Supervisor to lay out goals for 2007
By PEGGY LOWE
The Orange County Register
Crime? Down. Prosecutions? Up.
Unemployment? Down. Wages? Up.
Supervisor Chris Norby will offer a rosy view of the county's low crime and high employment rates in his State of the County speech today.
Norby says the Board of Supervisors will approve a plan for DNA testing on lesser crimes, make upgrades to John Wayne Airport and try to create more parks in the northern part of the county.
"Our county has long been a magnet for Americans seeking the California Dream and for immigrants seeking the American Dream," Norby says.
Orange County's government will work this year to prepare for natural disasters, carve out more parks for the northern part of the county and upgrade John Wayne Airport, Board of Supervisors Chairman Chris Norby says.
In his "State of the County" speech to be given today, Norby says the county is "strong," citing low unemployment, high education statistics and low crime rates.
He also outlines many priorities, including reaching "a fair and equitable" new contract with the deputy sheriffs union.
The board and the union have been at odds for some time over the deputies' labor contract, including the board's insistence that the union accept cuts in retiree medical benefits.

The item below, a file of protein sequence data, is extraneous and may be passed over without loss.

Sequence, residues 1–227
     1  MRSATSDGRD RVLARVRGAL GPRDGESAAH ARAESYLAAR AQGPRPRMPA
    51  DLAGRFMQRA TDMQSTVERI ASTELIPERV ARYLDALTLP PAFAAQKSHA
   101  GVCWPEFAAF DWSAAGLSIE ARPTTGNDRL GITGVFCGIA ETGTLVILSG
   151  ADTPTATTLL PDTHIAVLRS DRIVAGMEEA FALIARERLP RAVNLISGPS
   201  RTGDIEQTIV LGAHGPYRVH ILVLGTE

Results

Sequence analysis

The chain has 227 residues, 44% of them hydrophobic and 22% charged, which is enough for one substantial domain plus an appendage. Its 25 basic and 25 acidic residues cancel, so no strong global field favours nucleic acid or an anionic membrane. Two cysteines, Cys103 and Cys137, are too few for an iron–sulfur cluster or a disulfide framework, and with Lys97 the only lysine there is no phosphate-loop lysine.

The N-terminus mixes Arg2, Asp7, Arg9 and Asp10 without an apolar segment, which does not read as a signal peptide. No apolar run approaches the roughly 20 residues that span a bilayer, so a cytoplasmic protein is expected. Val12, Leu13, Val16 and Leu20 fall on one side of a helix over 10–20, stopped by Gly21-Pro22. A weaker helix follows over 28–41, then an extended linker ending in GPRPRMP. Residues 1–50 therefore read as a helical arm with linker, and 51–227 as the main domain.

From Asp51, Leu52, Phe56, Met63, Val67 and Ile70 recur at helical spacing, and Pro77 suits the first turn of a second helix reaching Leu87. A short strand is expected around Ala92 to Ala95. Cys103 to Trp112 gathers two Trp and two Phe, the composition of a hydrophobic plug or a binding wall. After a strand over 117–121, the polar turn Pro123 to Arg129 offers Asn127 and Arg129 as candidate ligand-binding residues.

Bob MacLeod of the Association of Orange County Deputy Sheriffs had little response Monday to Norby's comments.
He said only that his group is negotiating with the county and he hopes they will reach an agreement to "mitigate the county's…liability."
In a nod to the entire county work force, Norby said the board will "continue to foster a mutually respectful relationship" with the unions.
But he also sent a diplomatic warning that the board doesn't want to pay for burgeoning retirement costs by raising taxes or cutting raises for current employees.
"Whatever our differences, we are bound by the same facts," Norby says.
Nick Berardino, general manager of the Orange County Employees Association, which represents 13,500 county employees, said his group will continue to foster a "respectful and collaborative working relationship" but that the problems are already paid for.
"There is no need to pass on any costs regarding our retirement program because we believe the facts clearly indicate the county employees have paid in full for that benefit," he said.
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